BWW Review: HOLY LAND, The Space
Everybody knows that the internet is the host of some very awful matter. Images and links are permanent and if you dig hard enough, an underworld of crime starts spreading behind the screen.
Murders on live-stream, rapes on video, beheadings, executions are only a bunch of examples of the abominable fabric that builds the dark web. Holy Land sets out to explore revenge, resentment, and the pure horror that intertwines three stories . Unfortunately, Matthew Gouldesbrough's play appears to be confused by its own material, which doesn't move along as smoothly nor as quickly as it could.
The idea behind the production is strong and fascinating but the execution enters a vicious circle. Jon (Rick Romero), Kate (Hannah Morrison), and Tim (Gouldesbrough himself) have to deal with indelible actions in different ways, but their atrocious choices don't land securely on the scene.
As a script, it presents some tonality issues and it's not as snappy as it could be, aimlessly running at nearly 90 minutes. The script hides a lot of potential in its research and motives, but at this stage it doesn't come across as the powerful tale about the horrors of the modern world that could be.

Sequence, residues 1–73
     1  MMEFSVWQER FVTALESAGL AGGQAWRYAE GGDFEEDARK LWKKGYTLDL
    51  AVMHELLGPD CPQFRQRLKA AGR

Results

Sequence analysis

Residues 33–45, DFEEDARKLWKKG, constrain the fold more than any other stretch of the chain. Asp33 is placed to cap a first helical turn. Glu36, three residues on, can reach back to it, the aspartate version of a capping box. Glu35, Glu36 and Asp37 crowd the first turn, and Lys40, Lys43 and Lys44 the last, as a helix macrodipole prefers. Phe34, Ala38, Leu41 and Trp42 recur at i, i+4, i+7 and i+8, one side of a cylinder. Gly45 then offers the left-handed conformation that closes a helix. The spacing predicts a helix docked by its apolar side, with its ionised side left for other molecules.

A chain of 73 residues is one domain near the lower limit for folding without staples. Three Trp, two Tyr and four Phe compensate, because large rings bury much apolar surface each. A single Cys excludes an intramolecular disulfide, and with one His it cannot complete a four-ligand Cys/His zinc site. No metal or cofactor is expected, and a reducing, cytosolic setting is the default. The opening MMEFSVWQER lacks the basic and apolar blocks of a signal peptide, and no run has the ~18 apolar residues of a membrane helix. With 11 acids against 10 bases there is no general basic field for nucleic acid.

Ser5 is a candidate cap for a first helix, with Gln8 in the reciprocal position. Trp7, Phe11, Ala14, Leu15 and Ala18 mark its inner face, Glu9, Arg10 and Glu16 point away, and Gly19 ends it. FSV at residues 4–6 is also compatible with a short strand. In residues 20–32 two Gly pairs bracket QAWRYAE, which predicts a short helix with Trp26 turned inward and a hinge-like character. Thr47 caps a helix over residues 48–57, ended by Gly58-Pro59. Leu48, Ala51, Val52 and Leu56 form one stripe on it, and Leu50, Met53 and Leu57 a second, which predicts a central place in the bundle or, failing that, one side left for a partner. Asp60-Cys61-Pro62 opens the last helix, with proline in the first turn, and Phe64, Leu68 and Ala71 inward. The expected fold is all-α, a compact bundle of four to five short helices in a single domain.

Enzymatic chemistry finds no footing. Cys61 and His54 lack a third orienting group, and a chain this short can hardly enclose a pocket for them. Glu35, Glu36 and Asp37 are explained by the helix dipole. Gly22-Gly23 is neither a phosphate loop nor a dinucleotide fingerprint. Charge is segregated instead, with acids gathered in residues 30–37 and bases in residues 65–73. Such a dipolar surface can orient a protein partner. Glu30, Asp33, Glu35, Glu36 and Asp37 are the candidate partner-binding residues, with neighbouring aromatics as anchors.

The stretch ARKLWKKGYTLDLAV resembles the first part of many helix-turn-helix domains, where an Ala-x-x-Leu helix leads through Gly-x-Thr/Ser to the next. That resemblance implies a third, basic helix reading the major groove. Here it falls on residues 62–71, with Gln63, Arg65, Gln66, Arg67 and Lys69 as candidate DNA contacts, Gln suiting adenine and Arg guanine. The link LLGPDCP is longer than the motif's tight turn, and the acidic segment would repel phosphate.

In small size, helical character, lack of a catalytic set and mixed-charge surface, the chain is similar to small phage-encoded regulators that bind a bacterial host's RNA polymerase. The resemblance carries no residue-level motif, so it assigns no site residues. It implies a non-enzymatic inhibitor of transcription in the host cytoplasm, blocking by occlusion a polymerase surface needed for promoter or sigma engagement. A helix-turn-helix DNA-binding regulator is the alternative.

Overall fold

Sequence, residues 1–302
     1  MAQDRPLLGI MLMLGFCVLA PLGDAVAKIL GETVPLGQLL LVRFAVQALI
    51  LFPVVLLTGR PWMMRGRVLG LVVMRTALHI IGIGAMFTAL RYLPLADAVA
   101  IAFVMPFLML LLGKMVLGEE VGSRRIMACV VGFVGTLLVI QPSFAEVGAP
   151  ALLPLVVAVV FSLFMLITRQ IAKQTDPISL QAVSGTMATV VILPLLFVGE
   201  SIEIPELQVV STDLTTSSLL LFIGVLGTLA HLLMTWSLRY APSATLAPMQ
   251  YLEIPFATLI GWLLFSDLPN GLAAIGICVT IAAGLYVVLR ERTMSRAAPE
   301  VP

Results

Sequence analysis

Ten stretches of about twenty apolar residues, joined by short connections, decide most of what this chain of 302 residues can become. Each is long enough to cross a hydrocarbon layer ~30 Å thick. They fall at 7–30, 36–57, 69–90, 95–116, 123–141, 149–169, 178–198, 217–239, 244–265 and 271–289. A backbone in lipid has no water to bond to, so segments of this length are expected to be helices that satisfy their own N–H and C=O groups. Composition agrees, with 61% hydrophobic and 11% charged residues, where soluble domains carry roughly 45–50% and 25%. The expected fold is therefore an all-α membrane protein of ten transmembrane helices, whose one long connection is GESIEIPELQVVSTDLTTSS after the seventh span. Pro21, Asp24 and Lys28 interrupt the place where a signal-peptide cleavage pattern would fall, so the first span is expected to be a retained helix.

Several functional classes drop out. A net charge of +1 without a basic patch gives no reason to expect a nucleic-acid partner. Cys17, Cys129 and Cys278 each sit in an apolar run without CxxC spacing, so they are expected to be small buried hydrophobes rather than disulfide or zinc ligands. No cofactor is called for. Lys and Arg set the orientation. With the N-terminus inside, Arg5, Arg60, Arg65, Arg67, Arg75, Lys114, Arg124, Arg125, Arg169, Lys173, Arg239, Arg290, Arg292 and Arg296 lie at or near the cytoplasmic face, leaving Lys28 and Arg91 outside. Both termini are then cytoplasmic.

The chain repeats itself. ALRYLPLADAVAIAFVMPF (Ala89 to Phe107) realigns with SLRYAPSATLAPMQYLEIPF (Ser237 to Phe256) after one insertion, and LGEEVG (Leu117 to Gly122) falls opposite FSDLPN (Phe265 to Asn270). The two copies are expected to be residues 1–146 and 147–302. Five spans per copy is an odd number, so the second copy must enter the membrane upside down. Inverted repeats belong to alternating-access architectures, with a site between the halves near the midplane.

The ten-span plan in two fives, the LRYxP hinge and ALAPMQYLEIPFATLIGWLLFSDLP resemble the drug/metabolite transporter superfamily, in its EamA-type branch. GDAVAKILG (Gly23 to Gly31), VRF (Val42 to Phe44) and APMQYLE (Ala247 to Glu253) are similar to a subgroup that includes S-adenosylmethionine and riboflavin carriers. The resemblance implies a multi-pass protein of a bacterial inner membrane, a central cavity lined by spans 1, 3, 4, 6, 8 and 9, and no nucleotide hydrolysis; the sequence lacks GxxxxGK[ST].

Gouldesbrough's explanations regarding the "Holy Land" that names the show are intriguing and, as the thematic core of it, could definitely be explored more instead of being relegated to a five-minute delivery. Director Patrick Medway uses projectors and canvases to enliven the set, aptly creating the eerie vibe that comes with being constantly watched and recorded.
All in all, Holy Land has the scope to become an effective and affecting piece of theatre. At this point, however, it regrettably doesn't reach its full capacity.